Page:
Plessy v. Ferguson

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  • The Plessy V. Ferguson Case

    Homer Plessy was arrested On June 7, 1892 because he violated the Separate Car Act. His argument in the Plessy v. Ferguson case was that it went against the 14th amendment; which makes everyone born or naturalized in the US a citizen of the US. But it also guarantees that every United States citizen will be granted the same protection under the law, the 14th amendment makes everyone in the United States equal before the law. Throughout the case they also mention the 13th amendment which abolished slavery. Judge Ferguson overlook these 2 amendments while making his verdict, a mistake that might had had contribute to future acts of discrimination. The case Plessy v. Ferguson was not simply about Plessy not being able to sit on a…

    Words: 393 - Pages: 2
  • Plessy V Ferguson And Brown V Board Of Education Case Study

    Ever felt like your rights were being violated? Both Plessy v Ferguson and Brown v Board of Education deal with someone's rights being violated , however they have their own ways of dealing with it. Homer Plessy was arrested for sitting with the whites in a first-class railroad car. The Seperate Car Act of 1890 declared that all railroad companies in Louisiana provide seperate but equal accommodations for white and non-white passsengers of the train cars. This lead to the Plessy…

    Words: 865 - Pages: 4
  • Plessy V. Ferguson Trial

    case has accomplished both so easily as the trial of Plessy v. Ferguson. Taking place directly after the reconstruction era, this trial is crucial to establishing the verdicts of latter court cases, shaping popular beliefs, as well as representing the opinions and mindsets of the American people post-civil war. Although the verdict of Plessy v. Ferguson may have set negative precedents concerning civil rights lawsuits, the case progressed its movement through…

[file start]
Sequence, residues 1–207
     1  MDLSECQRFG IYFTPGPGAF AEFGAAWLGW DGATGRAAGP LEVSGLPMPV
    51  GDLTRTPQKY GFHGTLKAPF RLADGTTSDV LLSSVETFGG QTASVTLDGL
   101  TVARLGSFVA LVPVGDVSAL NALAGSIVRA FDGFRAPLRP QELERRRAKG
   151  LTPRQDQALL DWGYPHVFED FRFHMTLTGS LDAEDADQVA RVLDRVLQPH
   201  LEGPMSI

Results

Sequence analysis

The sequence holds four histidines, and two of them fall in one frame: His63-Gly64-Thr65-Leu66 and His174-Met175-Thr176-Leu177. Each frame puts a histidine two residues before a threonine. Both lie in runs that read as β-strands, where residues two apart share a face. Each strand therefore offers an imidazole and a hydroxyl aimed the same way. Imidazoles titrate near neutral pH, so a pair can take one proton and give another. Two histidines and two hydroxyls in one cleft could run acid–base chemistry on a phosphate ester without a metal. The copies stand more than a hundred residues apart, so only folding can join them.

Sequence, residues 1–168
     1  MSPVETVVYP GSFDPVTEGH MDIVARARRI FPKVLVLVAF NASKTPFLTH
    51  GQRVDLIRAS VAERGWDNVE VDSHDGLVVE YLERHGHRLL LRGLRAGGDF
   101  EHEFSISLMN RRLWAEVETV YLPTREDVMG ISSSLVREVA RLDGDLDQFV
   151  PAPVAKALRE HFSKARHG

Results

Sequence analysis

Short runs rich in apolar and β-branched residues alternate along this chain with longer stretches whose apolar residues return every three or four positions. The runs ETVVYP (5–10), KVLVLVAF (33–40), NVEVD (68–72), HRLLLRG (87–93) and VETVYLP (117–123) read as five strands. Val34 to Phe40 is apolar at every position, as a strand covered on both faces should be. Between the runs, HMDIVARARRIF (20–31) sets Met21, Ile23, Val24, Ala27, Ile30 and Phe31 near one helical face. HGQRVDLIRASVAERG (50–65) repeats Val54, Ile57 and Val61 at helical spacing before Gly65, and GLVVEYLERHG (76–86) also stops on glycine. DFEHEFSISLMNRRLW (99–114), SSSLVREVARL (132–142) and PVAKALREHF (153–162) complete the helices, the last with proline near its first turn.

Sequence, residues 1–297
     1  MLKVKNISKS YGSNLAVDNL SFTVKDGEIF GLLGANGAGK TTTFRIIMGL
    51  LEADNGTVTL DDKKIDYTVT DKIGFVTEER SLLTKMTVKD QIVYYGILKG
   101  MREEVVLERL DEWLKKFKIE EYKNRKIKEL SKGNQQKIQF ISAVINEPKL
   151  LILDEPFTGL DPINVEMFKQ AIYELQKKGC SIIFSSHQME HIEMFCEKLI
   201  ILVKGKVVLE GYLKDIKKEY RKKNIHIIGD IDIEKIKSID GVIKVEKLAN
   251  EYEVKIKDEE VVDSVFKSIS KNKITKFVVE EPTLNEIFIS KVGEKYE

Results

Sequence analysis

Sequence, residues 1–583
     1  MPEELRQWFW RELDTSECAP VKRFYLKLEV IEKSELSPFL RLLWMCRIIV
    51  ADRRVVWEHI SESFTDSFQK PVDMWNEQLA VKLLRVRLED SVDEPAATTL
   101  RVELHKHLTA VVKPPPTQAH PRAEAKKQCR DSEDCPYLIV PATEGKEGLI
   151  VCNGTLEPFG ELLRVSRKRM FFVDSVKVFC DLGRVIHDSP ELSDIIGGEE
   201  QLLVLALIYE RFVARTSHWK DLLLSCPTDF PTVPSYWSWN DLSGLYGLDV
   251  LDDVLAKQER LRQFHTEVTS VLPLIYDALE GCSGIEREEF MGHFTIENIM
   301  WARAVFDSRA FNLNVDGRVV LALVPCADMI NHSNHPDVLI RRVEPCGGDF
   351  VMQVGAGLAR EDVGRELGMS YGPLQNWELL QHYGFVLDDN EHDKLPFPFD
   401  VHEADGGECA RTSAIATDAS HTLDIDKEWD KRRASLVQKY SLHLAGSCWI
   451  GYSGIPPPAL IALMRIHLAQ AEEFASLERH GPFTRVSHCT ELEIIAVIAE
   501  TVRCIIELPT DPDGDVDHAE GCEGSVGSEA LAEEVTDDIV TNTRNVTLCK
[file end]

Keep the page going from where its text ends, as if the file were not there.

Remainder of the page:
Words: 1003 - Pages: 5
  • Essay On Plessy V Ferguson

    The first case is about Plessy v Ferguson which is a case that determined whether or not racial segregation is constitutional under the separate but equal doctrine. The second case is about Brown v Board of Education which decided that state laws requiring separate but equal schools violated the Equal Protection Clause of the 14th Amendment. Both cases had a powerful effect on the precedents that we now have in today's justice system. Plessy v Ferguson established the doctrine of “Separate but…

    Words: 744 - Pages: 3
  • Plessy V. Ferguson Case Analysis

    During the debates over the Reconstruction amendments, I was particularly interested in the controversy about the ambiguous compromise of rights that the 14th amendment declared to protect with its Equal Protection Clause. Equality is difficult to define with the various interpretations in precedent and it has proven to still be a continued controversy today. More specifically, the controversy that has persisted is the issue of whether the State or Federal government would be the ones to decide…